Not to be outdone, Asia will see a reform agenda pregnant with new initiatives that will emerge and/or progress in 2023. In the APAC region, New Zealand has moved forward on its countering terrorist activity plan, including financial aspects, while Singapore has announced their five-pronged strategy to counter the financing of terrorism which will drive further toward implementation during 2023. Similar moves are underway in Hong Kong.
In China, a new focus on greenwashing will result in the appointment of eighteen credit rating and accounting businesses as gatekeepers for the green bond market.
As the global regulatory focus moves from legislation and regulation to implementation and effectiveness, all IFCs should expect searching and demanding inspections by international standard setters.
Green energy gets a boost
We identified in 2022 that ESG would hit some bumps in the road, but it is so established as an investor requirement we do not believe nascent opposition will check its progress.
Moves to exclude ESG criteria by some US municipal funds painted a real contrast with the green aspects of the Inflation Reduction Act, and the EU Commission plans to incorporate elements of the EU’s Sustainable Finance Directive into a new Corporate Sustainability Reporting Directive (CSRD). The new legislation is expected to increase the level of sustainability reporting by corporates in their financial statements.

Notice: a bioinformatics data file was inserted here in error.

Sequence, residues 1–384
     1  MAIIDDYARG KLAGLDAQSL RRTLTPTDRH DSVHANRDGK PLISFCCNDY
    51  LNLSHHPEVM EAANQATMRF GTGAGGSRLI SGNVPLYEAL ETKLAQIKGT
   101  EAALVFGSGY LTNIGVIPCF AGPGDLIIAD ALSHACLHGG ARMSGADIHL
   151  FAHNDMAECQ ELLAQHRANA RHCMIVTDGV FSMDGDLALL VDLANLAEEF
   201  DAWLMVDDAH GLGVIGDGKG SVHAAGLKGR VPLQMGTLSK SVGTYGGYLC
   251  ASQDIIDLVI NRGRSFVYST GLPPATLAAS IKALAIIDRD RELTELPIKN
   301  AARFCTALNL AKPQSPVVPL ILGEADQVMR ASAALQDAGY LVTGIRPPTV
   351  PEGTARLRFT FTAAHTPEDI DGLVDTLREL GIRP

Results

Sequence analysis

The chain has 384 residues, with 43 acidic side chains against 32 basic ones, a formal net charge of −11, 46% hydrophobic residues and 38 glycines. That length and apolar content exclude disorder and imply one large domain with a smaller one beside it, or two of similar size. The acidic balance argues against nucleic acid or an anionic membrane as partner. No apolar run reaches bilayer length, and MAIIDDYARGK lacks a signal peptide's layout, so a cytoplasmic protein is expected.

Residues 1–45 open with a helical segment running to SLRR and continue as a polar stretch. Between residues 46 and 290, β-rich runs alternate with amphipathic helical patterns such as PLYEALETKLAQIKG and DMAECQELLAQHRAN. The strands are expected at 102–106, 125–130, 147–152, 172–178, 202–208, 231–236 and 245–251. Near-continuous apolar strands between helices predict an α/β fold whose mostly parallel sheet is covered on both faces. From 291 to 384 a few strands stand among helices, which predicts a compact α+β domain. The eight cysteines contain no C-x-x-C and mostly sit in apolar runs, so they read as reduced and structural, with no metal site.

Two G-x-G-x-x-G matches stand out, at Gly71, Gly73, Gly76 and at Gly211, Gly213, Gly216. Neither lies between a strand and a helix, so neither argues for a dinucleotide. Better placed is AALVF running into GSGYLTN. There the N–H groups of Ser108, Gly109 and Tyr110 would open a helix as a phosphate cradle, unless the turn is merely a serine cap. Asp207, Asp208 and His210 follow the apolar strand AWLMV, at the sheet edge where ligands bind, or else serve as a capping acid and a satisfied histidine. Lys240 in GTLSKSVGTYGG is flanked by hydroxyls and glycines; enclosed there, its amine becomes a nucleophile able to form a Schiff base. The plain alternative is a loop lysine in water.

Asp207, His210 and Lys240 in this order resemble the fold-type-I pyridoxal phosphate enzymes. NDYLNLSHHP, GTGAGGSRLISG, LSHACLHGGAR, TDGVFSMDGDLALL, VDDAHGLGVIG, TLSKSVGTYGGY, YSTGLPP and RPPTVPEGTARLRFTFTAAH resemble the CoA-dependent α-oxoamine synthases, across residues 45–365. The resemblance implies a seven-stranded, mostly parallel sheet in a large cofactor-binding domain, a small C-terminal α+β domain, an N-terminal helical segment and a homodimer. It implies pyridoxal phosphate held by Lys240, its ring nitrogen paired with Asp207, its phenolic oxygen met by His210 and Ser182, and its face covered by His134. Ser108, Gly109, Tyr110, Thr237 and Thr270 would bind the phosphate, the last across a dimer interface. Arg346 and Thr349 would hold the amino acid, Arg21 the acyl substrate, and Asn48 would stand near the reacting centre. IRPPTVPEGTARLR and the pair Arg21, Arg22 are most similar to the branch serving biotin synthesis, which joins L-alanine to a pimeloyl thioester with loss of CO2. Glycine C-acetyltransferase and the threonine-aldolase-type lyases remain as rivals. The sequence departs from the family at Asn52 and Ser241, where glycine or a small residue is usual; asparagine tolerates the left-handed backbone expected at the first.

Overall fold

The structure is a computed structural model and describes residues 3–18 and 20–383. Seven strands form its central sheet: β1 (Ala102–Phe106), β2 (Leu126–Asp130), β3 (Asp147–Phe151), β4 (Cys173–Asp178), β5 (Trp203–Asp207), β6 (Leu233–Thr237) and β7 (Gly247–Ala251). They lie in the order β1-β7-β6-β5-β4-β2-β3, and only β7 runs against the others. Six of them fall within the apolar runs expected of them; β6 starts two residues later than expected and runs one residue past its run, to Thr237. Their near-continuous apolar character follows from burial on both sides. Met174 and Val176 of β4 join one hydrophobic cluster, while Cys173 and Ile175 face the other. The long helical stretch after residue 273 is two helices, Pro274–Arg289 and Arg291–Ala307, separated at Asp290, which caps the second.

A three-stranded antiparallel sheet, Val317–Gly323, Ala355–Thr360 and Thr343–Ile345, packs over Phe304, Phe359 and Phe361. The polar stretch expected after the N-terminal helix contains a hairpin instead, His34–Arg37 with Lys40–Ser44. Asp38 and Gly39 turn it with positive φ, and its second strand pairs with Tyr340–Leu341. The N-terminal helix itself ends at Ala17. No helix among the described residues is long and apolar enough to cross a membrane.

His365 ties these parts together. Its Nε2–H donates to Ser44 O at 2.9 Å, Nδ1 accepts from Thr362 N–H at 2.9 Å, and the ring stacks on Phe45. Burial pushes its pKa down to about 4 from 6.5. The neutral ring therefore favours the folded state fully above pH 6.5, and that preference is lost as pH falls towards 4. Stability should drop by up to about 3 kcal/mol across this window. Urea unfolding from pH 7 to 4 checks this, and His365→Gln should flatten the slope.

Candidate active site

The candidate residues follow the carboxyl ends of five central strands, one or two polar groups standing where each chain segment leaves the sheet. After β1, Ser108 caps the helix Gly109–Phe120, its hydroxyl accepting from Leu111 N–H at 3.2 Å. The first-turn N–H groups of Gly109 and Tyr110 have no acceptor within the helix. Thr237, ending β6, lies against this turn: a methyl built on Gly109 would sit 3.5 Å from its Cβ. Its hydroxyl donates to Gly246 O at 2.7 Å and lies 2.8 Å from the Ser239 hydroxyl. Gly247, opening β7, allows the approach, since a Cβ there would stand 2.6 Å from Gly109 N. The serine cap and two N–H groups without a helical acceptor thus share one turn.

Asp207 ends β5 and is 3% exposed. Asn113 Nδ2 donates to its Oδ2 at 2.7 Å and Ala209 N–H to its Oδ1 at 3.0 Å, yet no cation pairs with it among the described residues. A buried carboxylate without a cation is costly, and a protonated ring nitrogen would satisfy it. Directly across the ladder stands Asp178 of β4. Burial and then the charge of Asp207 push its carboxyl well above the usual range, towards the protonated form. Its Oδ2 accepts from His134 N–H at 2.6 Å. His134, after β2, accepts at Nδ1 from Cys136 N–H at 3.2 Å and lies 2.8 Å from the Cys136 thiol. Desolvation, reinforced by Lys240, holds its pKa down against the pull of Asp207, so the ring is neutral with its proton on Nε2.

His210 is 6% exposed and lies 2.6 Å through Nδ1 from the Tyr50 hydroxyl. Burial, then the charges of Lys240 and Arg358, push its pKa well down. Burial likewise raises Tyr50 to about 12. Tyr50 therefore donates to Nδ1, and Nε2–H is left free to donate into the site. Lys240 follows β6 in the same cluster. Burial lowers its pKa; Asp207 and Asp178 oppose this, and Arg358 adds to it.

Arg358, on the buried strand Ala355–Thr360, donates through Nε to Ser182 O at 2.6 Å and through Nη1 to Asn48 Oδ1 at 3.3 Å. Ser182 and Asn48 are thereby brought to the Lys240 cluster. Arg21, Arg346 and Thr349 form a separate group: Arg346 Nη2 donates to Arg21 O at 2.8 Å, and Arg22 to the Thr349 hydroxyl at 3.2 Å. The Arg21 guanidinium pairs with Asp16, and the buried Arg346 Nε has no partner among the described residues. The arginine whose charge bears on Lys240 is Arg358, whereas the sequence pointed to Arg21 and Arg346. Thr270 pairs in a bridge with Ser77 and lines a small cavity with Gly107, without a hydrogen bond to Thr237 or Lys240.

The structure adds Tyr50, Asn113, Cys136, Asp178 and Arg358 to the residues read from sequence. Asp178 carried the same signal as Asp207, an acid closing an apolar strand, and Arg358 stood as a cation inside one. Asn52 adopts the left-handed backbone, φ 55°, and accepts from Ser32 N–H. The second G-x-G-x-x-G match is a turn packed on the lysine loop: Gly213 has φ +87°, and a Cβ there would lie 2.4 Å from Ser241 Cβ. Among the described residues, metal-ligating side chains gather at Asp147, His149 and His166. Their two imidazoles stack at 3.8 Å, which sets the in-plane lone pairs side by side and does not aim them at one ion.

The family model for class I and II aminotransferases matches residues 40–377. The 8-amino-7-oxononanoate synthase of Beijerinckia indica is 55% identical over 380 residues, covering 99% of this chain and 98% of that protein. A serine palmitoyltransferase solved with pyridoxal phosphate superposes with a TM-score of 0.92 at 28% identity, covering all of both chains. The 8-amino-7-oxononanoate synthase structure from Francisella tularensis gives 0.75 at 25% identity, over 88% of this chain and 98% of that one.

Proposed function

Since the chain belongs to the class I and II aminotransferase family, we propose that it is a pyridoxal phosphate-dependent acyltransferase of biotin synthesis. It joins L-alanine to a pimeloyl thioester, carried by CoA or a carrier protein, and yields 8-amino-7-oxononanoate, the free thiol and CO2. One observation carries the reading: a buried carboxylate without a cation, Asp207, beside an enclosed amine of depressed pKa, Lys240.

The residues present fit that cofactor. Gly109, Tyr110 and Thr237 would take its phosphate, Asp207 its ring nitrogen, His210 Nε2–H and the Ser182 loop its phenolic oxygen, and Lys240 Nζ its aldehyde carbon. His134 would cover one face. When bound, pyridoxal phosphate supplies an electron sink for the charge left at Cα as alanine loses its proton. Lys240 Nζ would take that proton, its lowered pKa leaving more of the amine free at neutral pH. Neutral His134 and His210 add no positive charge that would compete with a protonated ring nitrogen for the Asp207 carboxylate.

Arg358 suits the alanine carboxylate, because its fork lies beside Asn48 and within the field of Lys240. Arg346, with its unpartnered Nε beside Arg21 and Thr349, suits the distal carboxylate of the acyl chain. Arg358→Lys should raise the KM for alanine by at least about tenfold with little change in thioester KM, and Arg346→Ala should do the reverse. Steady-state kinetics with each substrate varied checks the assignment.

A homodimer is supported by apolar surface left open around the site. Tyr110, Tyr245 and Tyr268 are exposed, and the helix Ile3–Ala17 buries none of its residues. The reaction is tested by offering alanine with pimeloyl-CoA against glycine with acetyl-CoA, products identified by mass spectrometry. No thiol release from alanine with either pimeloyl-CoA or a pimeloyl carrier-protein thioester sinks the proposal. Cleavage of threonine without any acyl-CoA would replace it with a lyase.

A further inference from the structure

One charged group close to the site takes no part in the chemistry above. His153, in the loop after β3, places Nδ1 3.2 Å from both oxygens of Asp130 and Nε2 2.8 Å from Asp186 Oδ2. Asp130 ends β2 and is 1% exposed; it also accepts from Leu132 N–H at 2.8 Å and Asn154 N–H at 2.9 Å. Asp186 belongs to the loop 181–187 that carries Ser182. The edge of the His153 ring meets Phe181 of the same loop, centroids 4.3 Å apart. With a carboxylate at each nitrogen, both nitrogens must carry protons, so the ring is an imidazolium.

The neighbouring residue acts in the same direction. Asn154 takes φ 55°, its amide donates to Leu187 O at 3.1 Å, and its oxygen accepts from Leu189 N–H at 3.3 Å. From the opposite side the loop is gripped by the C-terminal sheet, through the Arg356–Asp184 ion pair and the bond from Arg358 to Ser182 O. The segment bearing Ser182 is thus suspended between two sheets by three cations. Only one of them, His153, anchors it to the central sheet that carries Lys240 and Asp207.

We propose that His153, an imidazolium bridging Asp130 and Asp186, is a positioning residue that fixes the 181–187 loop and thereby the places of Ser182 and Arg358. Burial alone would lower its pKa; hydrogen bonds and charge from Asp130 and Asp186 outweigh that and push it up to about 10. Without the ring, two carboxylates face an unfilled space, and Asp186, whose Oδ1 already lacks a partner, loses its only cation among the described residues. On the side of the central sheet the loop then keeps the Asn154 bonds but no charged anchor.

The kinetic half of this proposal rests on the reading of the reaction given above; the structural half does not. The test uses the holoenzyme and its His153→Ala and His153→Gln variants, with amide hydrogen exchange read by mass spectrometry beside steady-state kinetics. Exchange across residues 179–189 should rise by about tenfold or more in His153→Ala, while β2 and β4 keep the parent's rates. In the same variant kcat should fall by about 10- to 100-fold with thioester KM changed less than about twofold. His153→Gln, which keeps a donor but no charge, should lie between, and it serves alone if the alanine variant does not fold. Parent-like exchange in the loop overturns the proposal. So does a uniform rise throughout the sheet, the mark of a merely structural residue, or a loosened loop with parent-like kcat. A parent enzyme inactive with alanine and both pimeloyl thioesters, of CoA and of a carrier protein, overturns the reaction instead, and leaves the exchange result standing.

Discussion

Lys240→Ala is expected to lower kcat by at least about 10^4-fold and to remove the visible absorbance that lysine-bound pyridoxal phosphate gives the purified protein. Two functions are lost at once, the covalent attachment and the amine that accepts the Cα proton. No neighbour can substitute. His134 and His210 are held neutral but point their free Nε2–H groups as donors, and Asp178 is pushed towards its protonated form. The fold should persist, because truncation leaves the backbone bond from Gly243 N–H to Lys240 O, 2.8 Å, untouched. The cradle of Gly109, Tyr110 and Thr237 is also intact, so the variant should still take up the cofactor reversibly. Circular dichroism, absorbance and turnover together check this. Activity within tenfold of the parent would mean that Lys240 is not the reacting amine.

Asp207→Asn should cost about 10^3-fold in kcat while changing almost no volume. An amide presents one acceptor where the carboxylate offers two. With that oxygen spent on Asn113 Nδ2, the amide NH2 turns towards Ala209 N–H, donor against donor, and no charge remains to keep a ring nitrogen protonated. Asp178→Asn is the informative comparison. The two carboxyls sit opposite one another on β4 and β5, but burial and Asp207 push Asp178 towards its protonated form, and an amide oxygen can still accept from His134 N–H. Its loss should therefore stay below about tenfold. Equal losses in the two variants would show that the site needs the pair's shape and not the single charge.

Work on the EU taxonomy, a classification system for establishing lists of environmentally sustainable activities, continues in its journey to set a ‘common green standard’. According to a recent Goldman Sachs bulletin, the taxonomy is already shaping asset management research and decisions around capital allocation, cost of capital and company valuations. The regulatory impetus for ‘greening’ finance, at least in Europe and Asia, is undimmed.
The most significant ESG change in 2023 will be the boost that green energy receives as an outcome of the War in Ukraine. Interest in nuclear fusion, hydrogen and renewables has spiked as the dawning awareness of energy insecurity took its toll in 2022. Fold in the commitments to net zero carbon emissions that many countries have signed up to, and the move to green energy has taken on a new urgency. Investment into innovation and sustainable energy sources will receive a shot in the arm, opening new opportunities for private capital.
Given the importance of financial services to many small state economies and their susceptibility to climate change, the engagement of IFCs and the many firms that operate in and through them will be critical in facilitating the deployment of sustainable capital and a meaningful response to the call for climate action. IFCs and their firms will need to monitor developments closely.
Tech frontiers: friend or foe
China and Western tensions signal a deeper malaise. China and the US have seen each other’s interests through a competitive lens – if one wins, the other loses.